Core Based Statistical Area (CBSA) Definitions
July 1, 2019
Metropolitan Statistical Areas (MSAs), Combined Statistical Areas (CSAs), Micropolitan Statistical Areas (MICROs), and Metropolitan Divisions (MDIVs) in the Woods & Poole database are as defined in the September 14, 2018, Office of Management and Budget (OMB BULLETIN NO. 18-04), Revised Delineations of Metropolitan Statistical Areas, Micropolitan Statistical Areas, and Combined Statistical Areas, and Guidance on Uses of the Delineations of These Areas.
All Woods & Poole historical data back to 1969 are revised to reflect the new 2018 OMB Metropolitan Area (MSA, CSA, MICRO, and MDIV) definitions. There are 384 MSAs, 172 CSAs, 542 MICROs, and 31 MDIVs in the 2019 Woods & Poole database.
New England City and Town Areas (NECTAs) and Combined New England City and Town Areas (CNECTAs) are not in the Woods & Poole database because they are defined with geographic units smaller than counties. The MSAs, CSAs, and MICROs in Puerto Rico are also not included in the Woods & Poole database.
All Core Based Statistical Areas (CBSAs) are included in the Woods & Poole database. CBSAs are MSAs or MICROs; CBSA is a collective term for both of these geographies. There are 926 CBSAs in the Woods & Poole database, based on the 2018 OMB definitions.
MSAs, as defined by the OMB, have at least one urbanized area of 50,000 or more population, plus adjacent territory that has a high degree of social and economic integration with the core as measured by commuting ties. Micropolitan Statistical Areas — a new set of statistical areas — have at least one urban cluster of at least 10,000 but less than 50,000 population, plus adjacent territory that has a high degree of social and economic integration with the core as measured by commuting ties. The central cities that form the basis on MSAs and MICROs are generally included in their titles, as well as the name of each state into which the MSA or MICRO extends. MSAs and MICROs are defined in terms of whole counties (or equivalent entities), including in the six New England States. If the specified criteria are met, a MSA containing a single core with a population of 2.5 million or more may be subdivided to form smaller groupings of counties referred to as Metropolitan Divisions. MDIVs are not comparable to either MSAs or MICROs and should not be ranked together.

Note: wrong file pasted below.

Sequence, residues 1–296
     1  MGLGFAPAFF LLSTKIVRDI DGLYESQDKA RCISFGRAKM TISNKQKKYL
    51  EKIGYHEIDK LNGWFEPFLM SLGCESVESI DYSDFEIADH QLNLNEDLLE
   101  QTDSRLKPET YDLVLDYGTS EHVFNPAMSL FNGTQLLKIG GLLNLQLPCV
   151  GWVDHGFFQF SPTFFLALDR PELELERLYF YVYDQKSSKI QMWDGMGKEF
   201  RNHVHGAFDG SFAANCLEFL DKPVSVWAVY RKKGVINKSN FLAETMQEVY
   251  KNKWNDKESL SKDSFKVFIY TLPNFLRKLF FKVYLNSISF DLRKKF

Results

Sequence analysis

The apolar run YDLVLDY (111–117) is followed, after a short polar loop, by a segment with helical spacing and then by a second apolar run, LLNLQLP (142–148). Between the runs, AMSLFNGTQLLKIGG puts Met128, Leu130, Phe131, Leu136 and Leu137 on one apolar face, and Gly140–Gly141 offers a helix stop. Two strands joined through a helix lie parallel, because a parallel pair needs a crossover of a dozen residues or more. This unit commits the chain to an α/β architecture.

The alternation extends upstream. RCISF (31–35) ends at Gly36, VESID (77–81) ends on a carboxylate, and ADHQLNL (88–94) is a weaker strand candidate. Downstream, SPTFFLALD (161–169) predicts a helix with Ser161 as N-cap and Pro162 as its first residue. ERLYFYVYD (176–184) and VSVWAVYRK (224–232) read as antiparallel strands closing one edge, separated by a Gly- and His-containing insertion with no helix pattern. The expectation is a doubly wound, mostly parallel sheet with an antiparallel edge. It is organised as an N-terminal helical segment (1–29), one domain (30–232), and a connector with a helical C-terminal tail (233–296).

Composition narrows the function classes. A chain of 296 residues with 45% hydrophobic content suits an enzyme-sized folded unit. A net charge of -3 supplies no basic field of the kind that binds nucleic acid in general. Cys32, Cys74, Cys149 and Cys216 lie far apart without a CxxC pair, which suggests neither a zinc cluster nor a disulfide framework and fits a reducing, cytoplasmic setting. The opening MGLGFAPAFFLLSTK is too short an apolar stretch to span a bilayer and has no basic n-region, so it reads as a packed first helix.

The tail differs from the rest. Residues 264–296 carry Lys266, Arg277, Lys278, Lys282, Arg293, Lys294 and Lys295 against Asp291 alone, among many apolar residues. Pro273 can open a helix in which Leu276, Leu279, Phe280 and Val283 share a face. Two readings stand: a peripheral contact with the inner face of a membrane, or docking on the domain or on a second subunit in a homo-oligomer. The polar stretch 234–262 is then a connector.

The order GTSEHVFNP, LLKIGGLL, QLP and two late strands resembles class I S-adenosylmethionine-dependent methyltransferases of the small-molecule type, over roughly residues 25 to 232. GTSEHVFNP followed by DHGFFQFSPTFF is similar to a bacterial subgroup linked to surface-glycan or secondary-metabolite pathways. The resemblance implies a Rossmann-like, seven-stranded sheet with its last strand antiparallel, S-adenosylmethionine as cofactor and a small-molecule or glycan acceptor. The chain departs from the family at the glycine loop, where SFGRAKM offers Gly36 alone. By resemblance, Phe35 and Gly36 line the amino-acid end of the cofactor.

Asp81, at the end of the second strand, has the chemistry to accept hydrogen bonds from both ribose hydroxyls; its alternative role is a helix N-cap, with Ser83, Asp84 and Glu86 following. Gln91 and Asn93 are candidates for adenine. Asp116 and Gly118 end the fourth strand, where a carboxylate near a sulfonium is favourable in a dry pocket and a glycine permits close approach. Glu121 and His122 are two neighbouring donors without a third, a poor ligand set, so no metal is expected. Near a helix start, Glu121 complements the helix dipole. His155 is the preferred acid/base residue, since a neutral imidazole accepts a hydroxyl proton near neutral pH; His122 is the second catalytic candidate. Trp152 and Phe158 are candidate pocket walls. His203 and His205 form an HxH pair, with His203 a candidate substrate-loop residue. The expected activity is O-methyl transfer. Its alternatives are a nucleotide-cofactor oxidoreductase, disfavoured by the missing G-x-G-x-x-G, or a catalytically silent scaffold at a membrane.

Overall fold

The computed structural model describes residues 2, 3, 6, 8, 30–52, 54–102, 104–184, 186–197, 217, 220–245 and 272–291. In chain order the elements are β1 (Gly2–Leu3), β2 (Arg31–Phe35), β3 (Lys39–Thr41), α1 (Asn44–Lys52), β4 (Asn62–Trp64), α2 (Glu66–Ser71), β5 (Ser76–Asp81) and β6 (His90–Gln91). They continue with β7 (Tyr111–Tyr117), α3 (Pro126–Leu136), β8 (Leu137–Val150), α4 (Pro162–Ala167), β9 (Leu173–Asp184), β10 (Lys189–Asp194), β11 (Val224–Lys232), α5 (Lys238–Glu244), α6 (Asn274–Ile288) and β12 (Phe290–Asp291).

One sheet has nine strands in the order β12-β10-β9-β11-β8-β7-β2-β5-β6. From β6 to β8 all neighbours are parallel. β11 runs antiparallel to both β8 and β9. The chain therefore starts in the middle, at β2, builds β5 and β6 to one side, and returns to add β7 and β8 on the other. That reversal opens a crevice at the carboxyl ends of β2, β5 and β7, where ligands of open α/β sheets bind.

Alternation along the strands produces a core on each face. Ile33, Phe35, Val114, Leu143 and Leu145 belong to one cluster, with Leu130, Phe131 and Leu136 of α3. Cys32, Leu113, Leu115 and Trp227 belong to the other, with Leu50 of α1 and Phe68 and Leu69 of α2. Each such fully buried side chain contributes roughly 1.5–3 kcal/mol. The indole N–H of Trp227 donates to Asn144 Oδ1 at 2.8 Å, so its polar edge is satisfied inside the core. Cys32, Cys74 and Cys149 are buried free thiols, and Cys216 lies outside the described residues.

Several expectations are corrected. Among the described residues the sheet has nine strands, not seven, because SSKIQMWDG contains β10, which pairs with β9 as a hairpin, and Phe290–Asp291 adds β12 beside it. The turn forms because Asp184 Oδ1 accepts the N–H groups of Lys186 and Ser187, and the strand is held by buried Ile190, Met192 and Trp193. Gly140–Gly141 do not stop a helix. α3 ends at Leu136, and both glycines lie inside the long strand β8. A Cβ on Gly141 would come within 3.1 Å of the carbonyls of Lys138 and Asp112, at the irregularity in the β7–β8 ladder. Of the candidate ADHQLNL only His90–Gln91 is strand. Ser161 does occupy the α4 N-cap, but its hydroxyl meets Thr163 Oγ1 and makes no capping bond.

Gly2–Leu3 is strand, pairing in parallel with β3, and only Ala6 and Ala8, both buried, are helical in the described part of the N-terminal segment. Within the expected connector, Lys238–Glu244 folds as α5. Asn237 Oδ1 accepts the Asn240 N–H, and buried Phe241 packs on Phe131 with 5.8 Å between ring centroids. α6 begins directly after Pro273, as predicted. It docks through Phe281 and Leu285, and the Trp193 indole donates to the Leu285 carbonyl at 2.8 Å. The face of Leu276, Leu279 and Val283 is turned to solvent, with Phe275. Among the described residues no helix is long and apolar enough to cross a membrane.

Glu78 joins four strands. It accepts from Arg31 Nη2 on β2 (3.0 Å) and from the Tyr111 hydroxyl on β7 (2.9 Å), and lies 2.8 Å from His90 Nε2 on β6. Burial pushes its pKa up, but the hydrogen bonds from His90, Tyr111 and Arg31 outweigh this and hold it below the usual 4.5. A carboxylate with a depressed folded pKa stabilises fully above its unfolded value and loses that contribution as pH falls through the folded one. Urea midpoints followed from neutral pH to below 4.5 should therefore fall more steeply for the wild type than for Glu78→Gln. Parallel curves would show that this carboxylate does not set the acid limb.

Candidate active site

According to the OMB if specified criteria are met, adjacent MSAs and MICROs, in various combinations, may become the components of a new set of areas called Combined Statistical Areas (CSA). For instance, a CSA may comprise two or more MSAs, a MSA and a MICRO, two or more MICROs, or multiple MSAs and MICROs. In the Woods & Poole database CSAs are defined in terms of counties. According to the OMB combinations for adjacent areas with an employment interchange of 25 or more are automatic. Combinations for adjacent areas with an employment interchange of at least 15 but less than 25 are based on local opinion as expressed through the Congressional delegations.